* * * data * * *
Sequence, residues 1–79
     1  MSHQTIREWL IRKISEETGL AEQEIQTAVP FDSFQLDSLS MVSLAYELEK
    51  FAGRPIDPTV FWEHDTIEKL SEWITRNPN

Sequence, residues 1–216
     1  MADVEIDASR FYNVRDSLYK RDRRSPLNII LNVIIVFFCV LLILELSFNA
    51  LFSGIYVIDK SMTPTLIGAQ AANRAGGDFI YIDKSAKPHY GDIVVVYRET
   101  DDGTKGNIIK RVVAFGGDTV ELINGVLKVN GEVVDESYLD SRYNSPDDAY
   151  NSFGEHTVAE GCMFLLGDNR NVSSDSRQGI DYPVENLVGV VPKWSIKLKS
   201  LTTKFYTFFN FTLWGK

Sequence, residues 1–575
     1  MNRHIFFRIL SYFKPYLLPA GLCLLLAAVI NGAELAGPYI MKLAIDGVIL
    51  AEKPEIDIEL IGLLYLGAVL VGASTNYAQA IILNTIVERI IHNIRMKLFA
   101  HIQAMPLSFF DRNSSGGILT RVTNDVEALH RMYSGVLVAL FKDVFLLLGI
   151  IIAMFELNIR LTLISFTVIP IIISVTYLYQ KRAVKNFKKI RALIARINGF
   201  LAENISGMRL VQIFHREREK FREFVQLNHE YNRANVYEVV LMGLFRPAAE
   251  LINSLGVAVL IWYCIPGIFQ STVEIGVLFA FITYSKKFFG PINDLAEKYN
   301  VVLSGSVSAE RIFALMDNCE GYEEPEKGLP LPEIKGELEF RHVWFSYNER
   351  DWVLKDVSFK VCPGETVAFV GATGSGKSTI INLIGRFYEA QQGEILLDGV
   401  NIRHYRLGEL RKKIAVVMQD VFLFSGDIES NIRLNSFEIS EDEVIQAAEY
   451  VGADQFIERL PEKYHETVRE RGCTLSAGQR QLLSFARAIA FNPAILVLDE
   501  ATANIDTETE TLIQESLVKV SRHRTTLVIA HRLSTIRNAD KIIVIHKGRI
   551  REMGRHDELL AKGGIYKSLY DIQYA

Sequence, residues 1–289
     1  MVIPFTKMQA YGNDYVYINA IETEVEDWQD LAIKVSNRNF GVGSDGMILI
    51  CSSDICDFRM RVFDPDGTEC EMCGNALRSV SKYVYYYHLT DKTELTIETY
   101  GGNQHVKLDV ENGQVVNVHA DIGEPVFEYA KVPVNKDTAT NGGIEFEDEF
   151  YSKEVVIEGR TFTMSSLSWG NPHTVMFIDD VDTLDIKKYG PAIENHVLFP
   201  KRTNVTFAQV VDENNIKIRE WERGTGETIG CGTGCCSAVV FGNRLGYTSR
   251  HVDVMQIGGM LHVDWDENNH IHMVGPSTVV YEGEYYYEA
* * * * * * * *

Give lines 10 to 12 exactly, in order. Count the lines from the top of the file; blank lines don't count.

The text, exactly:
Sequence, residues 1–575
     1  MNRHIFFRIL SYFKPYLLPA GLCLLLAAVI NGAELAGPYI MKLAIDGVIL
    51  AEKPEIDIEL IGLLYLGAVL VGASTNYAQA IILNTIVERI IHNIRMKLFA